He reminds us that his staged fields include many young fruits and hardwoods he has selected, planted and nurtured. His reforested plots are staggered around with increasingly larger and taller fruit and varied hardwoods trees, mature allspice forest and food forests reaping good capital when harvested. He has tall woodlands that will soon yield lumber.

Every visit, there is change: maize fields give way to papaya, plantains, bananas; those fast-growing perennials shift to broad-leafed fruit trees, different citrus with mahogany, cedar, avocado and ramon reaching to the sky. These nurtured forests follow the decades of his work. Like all forest gardeners, Chaco also maintains a “reserve” that makes up at least half his lands. These reserves have old-growth hardwoods saved for seed; a full under story of palms for their many uses of thatching, brooms, fruits, oil, baskets; and areas of brambles and vines that are the life blood of traditional house structure. These important vines, crucial in the binding and holding of structural members and the roof, only grow in the shade of the forest canopy.

On this cool February morning, we arrive to a refreshing snack that would have been a meal by any other name. Hard thin tortillas spread with blended spicy black beans and maize atole nourish our morning. After that welcome, we took our first walk out to his old maize milpas he first slashed and burned 2008. This area is teaming with fruits but spaced to still include annuals. We see chiles, beans, manioc, squash and pineapples growing along with the plantains citrus sprouts, and new mahogany plants.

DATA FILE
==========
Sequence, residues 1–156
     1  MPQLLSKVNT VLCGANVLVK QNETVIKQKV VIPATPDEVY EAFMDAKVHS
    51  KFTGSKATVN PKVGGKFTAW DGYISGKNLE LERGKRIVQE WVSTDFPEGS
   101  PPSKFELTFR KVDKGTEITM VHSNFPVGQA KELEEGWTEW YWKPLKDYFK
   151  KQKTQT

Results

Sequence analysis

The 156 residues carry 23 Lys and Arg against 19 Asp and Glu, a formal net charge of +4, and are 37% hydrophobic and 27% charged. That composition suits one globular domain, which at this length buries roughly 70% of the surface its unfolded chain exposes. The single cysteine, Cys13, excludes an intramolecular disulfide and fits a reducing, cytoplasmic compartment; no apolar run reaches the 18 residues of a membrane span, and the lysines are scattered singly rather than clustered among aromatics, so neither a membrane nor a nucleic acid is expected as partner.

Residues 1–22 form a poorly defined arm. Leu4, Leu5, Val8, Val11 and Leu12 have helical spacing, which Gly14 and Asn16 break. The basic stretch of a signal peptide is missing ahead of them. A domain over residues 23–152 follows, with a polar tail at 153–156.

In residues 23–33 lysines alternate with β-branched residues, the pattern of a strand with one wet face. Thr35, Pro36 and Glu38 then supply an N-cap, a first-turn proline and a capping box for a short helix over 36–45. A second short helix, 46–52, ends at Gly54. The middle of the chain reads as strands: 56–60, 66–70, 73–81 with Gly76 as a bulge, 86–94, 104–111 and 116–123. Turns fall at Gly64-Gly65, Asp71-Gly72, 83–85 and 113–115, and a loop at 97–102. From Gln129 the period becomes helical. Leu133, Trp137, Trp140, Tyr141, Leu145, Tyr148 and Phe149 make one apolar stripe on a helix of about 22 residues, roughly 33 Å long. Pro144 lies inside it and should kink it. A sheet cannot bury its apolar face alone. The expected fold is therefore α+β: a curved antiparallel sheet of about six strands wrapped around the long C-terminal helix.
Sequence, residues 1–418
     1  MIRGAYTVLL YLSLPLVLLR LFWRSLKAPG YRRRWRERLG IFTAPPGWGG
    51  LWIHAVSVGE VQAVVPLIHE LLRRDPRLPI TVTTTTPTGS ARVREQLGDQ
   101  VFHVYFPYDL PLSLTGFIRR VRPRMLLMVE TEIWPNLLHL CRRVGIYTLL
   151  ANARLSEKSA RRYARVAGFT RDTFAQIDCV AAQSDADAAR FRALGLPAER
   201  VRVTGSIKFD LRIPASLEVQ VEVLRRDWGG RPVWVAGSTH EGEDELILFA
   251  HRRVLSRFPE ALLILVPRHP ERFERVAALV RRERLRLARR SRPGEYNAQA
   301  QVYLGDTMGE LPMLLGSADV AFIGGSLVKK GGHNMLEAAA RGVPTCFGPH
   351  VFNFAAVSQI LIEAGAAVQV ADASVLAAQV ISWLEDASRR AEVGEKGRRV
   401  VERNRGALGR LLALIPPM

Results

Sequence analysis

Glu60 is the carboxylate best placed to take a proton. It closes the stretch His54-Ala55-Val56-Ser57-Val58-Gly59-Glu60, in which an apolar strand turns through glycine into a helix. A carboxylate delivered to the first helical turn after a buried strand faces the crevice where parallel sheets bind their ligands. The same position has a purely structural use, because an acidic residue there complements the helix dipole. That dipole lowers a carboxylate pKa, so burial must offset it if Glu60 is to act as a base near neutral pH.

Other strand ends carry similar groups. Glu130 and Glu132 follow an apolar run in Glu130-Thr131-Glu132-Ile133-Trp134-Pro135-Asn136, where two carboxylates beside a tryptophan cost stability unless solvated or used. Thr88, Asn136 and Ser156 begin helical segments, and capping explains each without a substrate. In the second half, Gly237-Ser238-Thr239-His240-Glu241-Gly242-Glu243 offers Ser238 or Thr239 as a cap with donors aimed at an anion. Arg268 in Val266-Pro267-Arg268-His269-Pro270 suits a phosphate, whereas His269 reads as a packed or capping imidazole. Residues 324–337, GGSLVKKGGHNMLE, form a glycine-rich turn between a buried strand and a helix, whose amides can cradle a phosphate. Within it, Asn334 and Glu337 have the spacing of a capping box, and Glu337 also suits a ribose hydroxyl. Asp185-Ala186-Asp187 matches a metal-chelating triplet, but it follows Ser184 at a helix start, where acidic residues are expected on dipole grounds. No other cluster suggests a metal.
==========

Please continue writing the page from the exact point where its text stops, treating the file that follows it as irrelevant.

Chaco points out the hardwoods and fruits he is sprouting and the perimeter trees he calls achotillo that grow stalk straight for use as timber. As we move around, he tells us of the differing soil qualities of his plots and his discovery of their advantages and disadvantages based on his intimate fieldwork. In such a small area he asserts that there are significant differences, which affects his crop choice as well as his results. One portion of the field he has left to nature and many trumpet trees, Cecropia, can be seen improving the soil and attracting birds. In another he has established new kinds of flowers that he says fetch good money at the market. He is constantly experimenting.

Our walks around the forest gardens are as invigorating as they are instructive. We enjoy Chaco’s sense of humor and his ability to teach, listen and answer questions. Our visit culminates with a delicious, beautiful and colorful lunch filled literally with the fruits of his farm. Chaco has a right to be proud! 

Click here for a description of the milpa-forest garden cycle.

Anabel Ford Ph.D. is the director of UC Santa Barbara’s MesoAmerican Research Center and president of Exploring Solutions Past. Ford, UCSB’s resident expert on Maya archaeology, discovered the ancient Maya city-center El Pilar, which bridges Belize and Guatemala. By decoding the ancient landscape around El Pilar, she is creating a sustainable model in conservation and agriculture that can regenerate the threatened Maya forest. With investment and support, her model can assist environmental efforts worldwide. Click here for more information on El Pilar. Click here to read previous columns. The opinions expressed are her own.